Find out what kind of child custody works for you

If you’re going through a divorce and have children to think about, then you will eventually have a child custody agreement or order. Child custody determines each parent’s physical and legal custody. Physical custody is a parent’s responsibility to maintain their children’s daily schedule, including their housing, meals and school schedules. Legal custody determines each parent’s right to decide how their children are raised, such as their medical needs, schooling and religious upbringing

If you and your soon-to-be-ex-spouse agree to how your children are raised after the divorce, then you may have a child custody agreement. But, if you and your spouse can’t agree, the court may make a child custody order. 

If you’re contemplating which child custody option is right for you and your children, then you may need to learn about the following custody options:

Joint custody

Joint custody, or co-parenting, means parents share legal and physical custody. Parents can work together to decide how decisions are made for their children. Parents can also devise a daily child custody schedule. A custody schedule helps maintain just how often each parent has their children. This schedule could, for example, rotate every few days, weeks or months depending on each parent’s daily life.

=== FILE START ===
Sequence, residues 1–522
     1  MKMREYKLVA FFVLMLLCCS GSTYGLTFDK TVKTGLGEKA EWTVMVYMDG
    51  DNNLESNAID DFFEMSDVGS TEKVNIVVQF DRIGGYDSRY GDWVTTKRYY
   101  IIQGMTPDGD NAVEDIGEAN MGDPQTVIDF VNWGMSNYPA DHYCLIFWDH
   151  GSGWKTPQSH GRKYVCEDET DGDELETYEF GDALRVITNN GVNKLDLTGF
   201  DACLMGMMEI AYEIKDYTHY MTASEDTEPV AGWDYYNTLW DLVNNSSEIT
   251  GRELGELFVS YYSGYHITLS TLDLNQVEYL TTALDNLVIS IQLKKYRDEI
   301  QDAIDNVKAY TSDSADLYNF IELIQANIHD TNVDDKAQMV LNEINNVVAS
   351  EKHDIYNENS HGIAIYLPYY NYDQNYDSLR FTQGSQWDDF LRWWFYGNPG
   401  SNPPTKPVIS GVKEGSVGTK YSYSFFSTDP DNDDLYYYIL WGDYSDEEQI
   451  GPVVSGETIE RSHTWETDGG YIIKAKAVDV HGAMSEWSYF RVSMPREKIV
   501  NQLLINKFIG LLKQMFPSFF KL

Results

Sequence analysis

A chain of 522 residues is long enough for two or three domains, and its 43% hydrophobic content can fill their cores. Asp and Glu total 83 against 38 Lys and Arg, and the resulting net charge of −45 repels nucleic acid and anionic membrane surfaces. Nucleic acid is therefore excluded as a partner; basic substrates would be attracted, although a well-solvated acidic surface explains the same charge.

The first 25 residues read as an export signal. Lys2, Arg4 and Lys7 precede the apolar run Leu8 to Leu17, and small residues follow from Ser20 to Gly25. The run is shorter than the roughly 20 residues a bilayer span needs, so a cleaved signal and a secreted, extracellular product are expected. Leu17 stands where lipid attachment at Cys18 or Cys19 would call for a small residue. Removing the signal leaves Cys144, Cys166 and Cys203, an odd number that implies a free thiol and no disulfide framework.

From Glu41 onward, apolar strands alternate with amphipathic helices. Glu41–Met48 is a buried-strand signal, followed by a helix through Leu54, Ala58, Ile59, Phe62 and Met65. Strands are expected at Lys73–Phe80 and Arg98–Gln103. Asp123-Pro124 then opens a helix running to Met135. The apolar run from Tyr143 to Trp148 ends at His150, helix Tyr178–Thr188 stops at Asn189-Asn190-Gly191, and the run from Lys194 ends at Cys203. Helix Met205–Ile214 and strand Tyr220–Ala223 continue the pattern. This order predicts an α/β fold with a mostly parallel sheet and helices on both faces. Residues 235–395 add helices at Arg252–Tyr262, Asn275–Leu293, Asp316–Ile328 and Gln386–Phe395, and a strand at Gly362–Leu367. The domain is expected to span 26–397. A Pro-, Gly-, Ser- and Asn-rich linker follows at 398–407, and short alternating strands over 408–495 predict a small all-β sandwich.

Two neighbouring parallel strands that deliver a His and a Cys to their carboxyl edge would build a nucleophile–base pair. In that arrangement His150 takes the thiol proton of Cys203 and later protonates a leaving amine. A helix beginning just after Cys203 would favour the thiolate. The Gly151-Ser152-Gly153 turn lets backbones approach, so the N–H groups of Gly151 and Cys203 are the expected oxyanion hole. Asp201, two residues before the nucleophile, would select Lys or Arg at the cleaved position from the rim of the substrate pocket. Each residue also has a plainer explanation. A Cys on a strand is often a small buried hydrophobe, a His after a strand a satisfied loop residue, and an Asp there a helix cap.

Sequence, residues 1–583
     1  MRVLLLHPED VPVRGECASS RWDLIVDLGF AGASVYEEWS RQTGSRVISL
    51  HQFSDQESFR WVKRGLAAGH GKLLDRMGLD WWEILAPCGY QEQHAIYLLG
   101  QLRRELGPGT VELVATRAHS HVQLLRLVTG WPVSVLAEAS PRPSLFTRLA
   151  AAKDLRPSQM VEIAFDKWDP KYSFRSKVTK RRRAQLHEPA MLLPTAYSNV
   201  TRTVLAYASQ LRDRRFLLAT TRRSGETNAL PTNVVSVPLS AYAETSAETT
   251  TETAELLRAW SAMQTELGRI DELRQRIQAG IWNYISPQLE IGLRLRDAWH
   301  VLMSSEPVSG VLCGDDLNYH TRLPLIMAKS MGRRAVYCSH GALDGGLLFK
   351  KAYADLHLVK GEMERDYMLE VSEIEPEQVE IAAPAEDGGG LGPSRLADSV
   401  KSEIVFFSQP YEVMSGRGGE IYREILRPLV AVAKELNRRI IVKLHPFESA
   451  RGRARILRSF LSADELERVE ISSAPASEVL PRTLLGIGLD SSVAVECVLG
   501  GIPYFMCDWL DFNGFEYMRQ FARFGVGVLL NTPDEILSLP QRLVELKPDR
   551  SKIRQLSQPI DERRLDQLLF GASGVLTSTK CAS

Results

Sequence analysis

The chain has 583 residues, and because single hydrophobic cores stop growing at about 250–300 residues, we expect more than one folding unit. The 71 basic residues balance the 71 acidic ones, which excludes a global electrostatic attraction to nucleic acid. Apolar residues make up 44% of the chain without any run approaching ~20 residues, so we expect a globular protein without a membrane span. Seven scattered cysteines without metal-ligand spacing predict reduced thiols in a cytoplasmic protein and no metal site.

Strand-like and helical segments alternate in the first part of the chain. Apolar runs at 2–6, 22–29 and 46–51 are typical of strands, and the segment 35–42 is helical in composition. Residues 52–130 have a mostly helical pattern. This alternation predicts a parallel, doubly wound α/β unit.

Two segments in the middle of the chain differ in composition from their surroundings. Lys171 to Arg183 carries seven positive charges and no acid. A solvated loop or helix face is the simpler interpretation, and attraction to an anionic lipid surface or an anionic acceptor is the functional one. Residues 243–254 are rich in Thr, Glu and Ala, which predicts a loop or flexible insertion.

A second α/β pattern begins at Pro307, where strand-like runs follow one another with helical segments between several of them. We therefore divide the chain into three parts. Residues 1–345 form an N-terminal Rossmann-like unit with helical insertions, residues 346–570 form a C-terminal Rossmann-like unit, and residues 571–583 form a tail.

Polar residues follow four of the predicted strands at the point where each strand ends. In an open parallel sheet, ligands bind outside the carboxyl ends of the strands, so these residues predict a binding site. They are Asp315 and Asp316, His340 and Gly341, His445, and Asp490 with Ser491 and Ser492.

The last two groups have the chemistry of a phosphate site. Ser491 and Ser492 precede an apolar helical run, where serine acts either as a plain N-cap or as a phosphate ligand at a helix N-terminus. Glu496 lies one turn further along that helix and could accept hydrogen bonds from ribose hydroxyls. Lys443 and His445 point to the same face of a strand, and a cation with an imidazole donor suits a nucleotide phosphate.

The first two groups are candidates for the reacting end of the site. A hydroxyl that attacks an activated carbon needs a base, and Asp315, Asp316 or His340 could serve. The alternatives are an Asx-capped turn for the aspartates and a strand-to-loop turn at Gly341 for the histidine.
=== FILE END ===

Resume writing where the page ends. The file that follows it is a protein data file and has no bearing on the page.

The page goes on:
When parents co-parent, there is often a lot of communication to help ensure each parent feels as if they are participating in their children’s lives and giving them the upbringing that each parent wishes for. However, this doesn’t always work. Parents who still wish to maintain joint custody may try parallel parenting. Parallel parenting limits communication between parents and gives each parent more autonomy. 

Sole custody

Some parents are not fit to raise their children. A court may award one parent with sole custody. Sole custody gives the parent with most or full responsibility to raise their children without the other parent’s input. The other parent may have some visitation rights so they can still be in their children’s lives. 

Deciding what’s best for children after a divorce is difficult. You may want to reach out for legal assistance as you navigate a divorce with children. 

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